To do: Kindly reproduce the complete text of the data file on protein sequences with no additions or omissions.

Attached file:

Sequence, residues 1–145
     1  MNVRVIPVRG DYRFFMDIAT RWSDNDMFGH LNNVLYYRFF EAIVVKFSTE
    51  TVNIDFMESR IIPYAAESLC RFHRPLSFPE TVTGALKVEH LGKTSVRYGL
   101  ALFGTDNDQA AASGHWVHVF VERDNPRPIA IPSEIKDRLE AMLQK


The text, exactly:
Sequence, residues 1–145
     1  MNVRVIPVRG DYRFFMDIAT RWSDNDMFGH LNNVLYYRFF EAIVVKFSTE
    51  TVNIDFMESR IIPYAAESLC RFHRPLSFPE TVTGALKVEH LGKTSVRYGL
   101  ALFGTDNDQA AASGHWVHVF VERDNPRPIA IPSEIKDRLE AMLQK